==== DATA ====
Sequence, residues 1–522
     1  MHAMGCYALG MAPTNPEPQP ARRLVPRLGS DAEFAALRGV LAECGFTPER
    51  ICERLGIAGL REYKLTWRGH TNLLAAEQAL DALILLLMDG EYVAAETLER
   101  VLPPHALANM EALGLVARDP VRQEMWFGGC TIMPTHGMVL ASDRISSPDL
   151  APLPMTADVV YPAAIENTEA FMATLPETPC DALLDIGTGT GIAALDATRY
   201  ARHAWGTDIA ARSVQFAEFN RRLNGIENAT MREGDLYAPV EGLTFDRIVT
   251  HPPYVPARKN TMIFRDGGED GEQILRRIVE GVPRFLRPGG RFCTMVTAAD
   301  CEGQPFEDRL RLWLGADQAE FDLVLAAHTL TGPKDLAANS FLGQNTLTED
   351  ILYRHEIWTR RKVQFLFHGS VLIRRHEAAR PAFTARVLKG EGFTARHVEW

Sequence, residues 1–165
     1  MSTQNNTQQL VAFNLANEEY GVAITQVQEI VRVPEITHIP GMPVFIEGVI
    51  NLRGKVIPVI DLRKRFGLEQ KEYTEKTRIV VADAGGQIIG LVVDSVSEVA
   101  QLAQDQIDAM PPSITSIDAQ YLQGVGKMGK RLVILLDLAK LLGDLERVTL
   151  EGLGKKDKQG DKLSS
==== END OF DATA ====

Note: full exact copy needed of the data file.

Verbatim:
Sequence, residues 1–522
     1  MHAMGCYALG MAPTNPEPQP ARRLVPRLGS DAEFAALRGV LAECGFTPER
    51  ICERLGIAGL REYKLTWRGH TNLLAAEQAL DALILLLMDG EYVAAETLER
   101  VLPPHALANM EALGLVARDP VRQEMWFGGC TIMPTHGMVL ASDRISSPDL
   151  APLPMTADVV YPAAIENTEA FMATLPETPC DALLDIGTGT GIAALDATRY
   201  ARHAWGTDIA ARSVQFAEFN RRLNGIENAT MREGDLYAPV EGLTFDRIVT
   251  HPPYVPARKN TMIFRDGGED GEQILRRIVE GVPRFLRPGG RFCTMVTAAD
   301  CEGQPFEDRL RLWLGADQAE FDLVLAAHTL TGPKDLAANS FLGQNTLTED
   351  ILYRHEIWTR RKVQFLFHGS VLIRRHEAAR PAFTARVLKG EGFTARHVEW

Sequence, residues 1–165
     1  MSTQNNTQQL VAFNLANEEY GVAITQVQEI VRVPEITHIP GMPVFIEGVI
    51  NLRGKVIPVI DLRKRFGLEQ KEYTEKTRIV VADAGGQIIG LVVDSVSEVA
   101  QLAQDQIDAM PPSITSIDAQ YLQGVGKMGK RLVILLDLAK LLGDLERVTL
   151  EGLGKKDKQG DKLSS